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Anonymous launches OnionIRC – a school for hacktivists on the dark web

Members of the hacker collective Anonymous have just launched a hidden service on the dark web for sharing technical skills in hacking and the use of anonymity software.

Members of the hacker collective Anonymous have just launched a hidden service on the dark web for sharing technical skills in hacking and the use of anonymity software.

Called OnionIRC, the service is an internet relay chat forum, allowing users to remain anonymous through encrypted communications over the Tor network.

đź’ˇ LEARN MORE: What is… Tor?

Anyone can join Anonymous, and the technical skills of members vary.

Campaigns undertaken by self-defined Anonymous members range from launching denial-of-service attacks on websites, and hacking email accounts and dumping documents online (doxxing), to advanced attacks that have compromised government agencies and other high-profile targets.

The new OnionIRC service was promoted by members of Anonymous in a video posted on YouTube earlier this month, and members are spreading news about the service on Twitter, including instructions on how to access the service using Tor Messenger.

In the video, a computerized voice says OnionIRC will be used as a “hub for Anonymous operations,” and to train internet activists in “virtual classrooms”:

We are proud to present our new chat service, residing within the remote island coves of the deep dark web. The OnionIRC network is designed to allow for full anonymity, and we welcome any and all to use it as a hub for Anonymous operations, general free speech use, or any project or group concerned about privacy and security looking to build a strong community.

We also intend to strengthen our ranks, and arm the current and coming generations of internet activists with education. Our plan is to provide virtual classrooms where, on a scheduled basis, teachers can give lessons on any number of subjects. This includes but is not limited to, security culture, various hacking and technical tutorials, history lessons, and promoting how to properly utilize encryption and anonymity software.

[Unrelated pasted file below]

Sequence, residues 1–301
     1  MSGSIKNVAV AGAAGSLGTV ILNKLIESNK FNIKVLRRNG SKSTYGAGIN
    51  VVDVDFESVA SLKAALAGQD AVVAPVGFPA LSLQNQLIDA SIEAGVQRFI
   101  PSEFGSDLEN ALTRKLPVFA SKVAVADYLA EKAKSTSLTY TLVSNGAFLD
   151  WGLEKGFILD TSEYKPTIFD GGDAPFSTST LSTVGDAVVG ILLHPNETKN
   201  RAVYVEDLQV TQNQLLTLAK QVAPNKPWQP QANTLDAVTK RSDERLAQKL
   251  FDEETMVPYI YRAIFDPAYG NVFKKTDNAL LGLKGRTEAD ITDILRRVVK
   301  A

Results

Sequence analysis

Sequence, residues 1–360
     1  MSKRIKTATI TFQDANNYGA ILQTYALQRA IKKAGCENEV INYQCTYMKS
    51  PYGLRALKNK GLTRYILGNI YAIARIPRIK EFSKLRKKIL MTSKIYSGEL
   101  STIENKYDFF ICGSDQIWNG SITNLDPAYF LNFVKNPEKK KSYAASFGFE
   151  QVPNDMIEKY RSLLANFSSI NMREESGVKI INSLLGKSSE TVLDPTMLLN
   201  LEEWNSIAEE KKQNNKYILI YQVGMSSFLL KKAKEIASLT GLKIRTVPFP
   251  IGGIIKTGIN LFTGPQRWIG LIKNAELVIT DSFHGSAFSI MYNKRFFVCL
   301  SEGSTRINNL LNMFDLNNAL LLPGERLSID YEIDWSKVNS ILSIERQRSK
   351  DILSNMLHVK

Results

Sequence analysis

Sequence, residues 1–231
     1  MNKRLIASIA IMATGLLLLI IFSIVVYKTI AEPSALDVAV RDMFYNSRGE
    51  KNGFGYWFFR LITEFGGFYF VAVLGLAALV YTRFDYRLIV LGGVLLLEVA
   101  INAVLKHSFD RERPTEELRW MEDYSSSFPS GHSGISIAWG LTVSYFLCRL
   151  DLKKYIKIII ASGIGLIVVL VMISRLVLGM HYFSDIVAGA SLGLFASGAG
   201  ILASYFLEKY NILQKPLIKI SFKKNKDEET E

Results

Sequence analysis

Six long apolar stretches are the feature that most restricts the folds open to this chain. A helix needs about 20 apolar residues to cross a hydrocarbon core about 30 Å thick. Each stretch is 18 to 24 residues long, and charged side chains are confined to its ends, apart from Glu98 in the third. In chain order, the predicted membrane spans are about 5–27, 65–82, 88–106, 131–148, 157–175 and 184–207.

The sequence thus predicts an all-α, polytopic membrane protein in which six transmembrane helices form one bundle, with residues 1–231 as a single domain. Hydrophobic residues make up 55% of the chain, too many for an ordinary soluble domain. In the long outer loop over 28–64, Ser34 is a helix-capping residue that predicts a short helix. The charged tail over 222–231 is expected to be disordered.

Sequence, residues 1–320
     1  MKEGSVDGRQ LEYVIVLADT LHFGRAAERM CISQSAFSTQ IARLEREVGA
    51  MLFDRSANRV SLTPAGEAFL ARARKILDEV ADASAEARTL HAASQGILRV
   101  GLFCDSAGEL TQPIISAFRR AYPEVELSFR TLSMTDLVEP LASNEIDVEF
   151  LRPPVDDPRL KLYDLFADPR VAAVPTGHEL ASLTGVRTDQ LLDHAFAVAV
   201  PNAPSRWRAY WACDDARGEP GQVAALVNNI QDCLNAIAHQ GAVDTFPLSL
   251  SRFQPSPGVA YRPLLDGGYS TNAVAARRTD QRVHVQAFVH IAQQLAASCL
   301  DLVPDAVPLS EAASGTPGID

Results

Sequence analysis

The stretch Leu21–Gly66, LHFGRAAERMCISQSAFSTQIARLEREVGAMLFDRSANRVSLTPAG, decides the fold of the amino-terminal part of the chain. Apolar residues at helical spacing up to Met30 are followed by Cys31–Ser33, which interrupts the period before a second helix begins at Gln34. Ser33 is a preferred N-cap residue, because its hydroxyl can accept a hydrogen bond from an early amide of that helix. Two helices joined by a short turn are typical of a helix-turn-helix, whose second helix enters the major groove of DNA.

As always, we do not wish for anyone to rely on our signal alone. As such, we will also be generating comprehensible documentation and instructions on how to create your own Tor hidden services chat network, in order to keep the movement decentralized.

On Twitter, an Anonymous member using the handle @OnionIRC said this week that OnionIRC is “off to a great start” and getting “more members every day.”

That description of OnionIRC’s initial success could be mostly positive PR spin, rather than a reflection of reality.

Waqas Amir writes at Hackread that he signed up for OnionIRC, but out of 20 people he found using the chat room, only a handful had any idea about hacking, while the rest were “clueless.”

According to Amir, an OnionIRC organizer with the username “Butts” told him the organizers want “to see how things go for a bit” and “build a bit of a user base” before sharing some “awesome” presentations.

The @OnionIRC account said that classes will begin this coming weekend.

Whatever your opinion of Anonymous, and their often illegal activities (which can sometimes harm innocents as much as inflict pain on Anonymous’s adversaries), there can be no doubt that the hacktivist movement is attractive to some people, especially the young.

The Anonymous video announcing the OnionIRC service opens by showing a clip from “Ghostwriter,” a children’s mystery show from the early ’90s, in which a girl played by a young Julia Stiles answers another girl’s question about how she learned about “all this hacking stuff.”

The Stiles character points to a computer and says “in there”:

It’s a world where you’re judged by what you say and think, not by what you look like. A world where curiosity and imagination equals power.

Image of people communicating courtesy of


That article at hackread was written when the IRC had just started. It’s more like 120 people on the IRC now


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